Media Campaigns

No-Texting Campaign

No Texting CampaignThe Pennsylvania Turnpike is launching a yearlong safety campaign aimed at reducing incidents of texting while driving in conjunction with the Turnpike’s 70th birthday on Oct. 1, 2010.

When the Turnpike opened 70 years ago, drivers were more likely to be solely focused on driving. But today, motorists are tempted by a multitude of distractions inside the vehicle besides controls and gauges: GPS devices, CD/DVD and MP3 players, mobile phones and portable devices like BlackBerry and IPhone, to name a few.

Unfortunately, that means more accidents result from a failure to just drive. Statistics from State Police Troop T (the unit responsible for Turnpike patrols) show that, in 2009, more than 120 Turnpike accidents were attributed to driver distraction. In the first half of this year, 93 distracted-driving accidents have already occurred. While these are not specific to texting alone, the numbers indicate a troubling trend.

Nationally, research on distracted driving reveals these facts:

  • Drivers who use handheld devices are four times as likely to get into crashes serious enough to injure themselves. (Source: Insurance Institute for Highway Safety)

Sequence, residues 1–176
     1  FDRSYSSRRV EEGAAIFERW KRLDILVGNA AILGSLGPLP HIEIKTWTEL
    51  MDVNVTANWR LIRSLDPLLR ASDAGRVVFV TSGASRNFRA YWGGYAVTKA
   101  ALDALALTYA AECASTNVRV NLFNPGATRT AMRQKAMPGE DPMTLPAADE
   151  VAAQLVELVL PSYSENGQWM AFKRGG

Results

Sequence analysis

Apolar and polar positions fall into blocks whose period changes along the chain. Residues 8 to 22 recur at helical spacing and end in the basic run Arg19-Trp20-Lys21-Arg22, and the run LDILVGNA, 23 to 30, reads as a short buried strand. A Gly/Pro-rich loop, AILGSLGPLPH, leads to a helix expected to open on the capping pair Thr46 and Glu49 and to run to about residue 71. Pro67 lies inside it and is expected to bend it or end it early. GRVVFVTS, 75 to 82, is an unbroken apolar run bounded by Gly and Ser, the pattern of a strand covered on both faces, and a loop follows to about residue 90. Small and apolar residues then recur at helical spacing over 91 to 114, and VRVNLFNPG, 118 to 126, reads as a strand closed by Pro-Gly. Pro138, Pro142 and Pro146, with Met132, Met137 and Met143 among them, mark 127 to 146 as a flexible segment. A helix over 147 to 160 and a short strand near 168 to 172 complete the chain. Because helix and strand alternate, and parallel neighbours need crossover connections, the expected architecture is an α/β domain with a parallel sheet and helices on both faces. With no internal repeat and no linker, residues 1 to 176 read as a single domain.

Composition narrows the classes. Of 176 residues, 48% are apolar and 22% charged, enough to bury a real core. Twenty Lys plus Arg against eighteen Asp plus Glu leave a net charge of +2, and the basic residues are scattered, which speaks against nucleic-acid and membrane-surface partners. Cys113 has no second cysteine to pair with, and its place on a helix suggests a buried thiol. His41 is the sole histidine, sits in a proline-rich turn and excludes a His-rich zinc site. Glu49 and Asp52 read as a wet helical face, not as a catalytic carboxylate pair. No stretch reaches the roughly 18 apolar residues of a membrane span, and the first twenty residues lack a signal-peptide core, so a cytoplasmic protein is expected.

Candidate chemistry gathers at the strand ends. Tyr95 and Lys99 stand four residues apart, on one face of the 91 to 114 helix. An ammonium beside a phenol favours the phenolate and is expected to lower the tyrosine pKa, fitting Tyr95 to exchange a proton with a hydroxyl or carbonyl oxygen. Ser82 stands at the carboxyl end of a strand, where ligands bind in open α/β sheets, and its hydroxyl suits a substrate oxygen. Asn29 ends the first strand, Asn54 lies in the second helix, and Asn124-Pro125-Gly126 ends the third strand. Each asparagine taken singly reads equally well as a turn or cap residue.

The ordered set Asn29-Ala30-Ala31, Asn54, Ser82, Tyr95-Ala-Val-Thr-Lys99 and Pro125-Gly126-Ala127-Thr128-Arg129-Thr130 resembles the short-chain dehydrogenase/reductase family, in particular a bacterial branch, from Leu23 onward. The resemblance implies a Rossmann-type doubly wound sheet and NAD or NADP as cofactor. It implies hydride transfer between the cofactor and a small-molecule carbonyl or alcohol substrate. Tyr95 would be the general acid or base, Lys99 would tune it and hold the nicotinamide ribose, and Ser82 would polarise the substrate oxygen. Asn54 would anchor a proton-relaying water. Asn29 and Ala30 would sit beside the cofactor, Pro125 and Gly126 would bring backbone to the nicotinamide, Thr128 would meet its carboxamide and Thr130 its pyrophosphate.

• Using a handheld or hands-free cell phone while driving delays reactions as much as having a blood alcohol concentration at the legal limit of .08 percent. (Source: University of Utah)
  • There are three types of distraction: visual (taking eyes off the road), manual (taking hands off the wheel) and cognitive (taking your mind off what you’re doing). While all distractions are unsafe, texting is most alarming because it involves all three types of distraction.
  • In 2008, more than 20 percent of all crashes involved some type of distraction. (Source: National Highway Traffic Safety Administration, NHTSA)
  • Nearly 6,000 people died in 2008 in crashes involving a distracted driver, and more than half a million were injured. (Source: NHTSA)

No Texting CampaignMany states have enacted bans on handheld devices or texting to reduce distracted driving. To date, a texting ban has been enacted in 32 states, including Delaware, Maryland, New Jersey and New York. A ban on all handheld devices has been enacted in eight states, including Delaware, New Jersey and New York. And while state lawmakers weigh in on handheld and texting bills for the Keystone State, the Pennsylvania Turnpike Commission is launching a motorist-education campaign designed to raise awareness about the dangers of texting behind the wheel. The new messages will be displayed on tollbooths, on Variable Message Signs along the road, window stickers and lawn signs at Turnpike rest stops and online at

The Kickoff:

Three regional press events were held on the Turnpike near Philadelphia, Harrisburg and Pittsburgh. During the events, the commission - in conjunction with the State Police, AAA and the Pa. Motor Truck Assn. unveiled the signs encouraging drivers to steer clear of texting; the events were held the day before and the day of the Pennsylvania Turnpike's 70th Anniversary.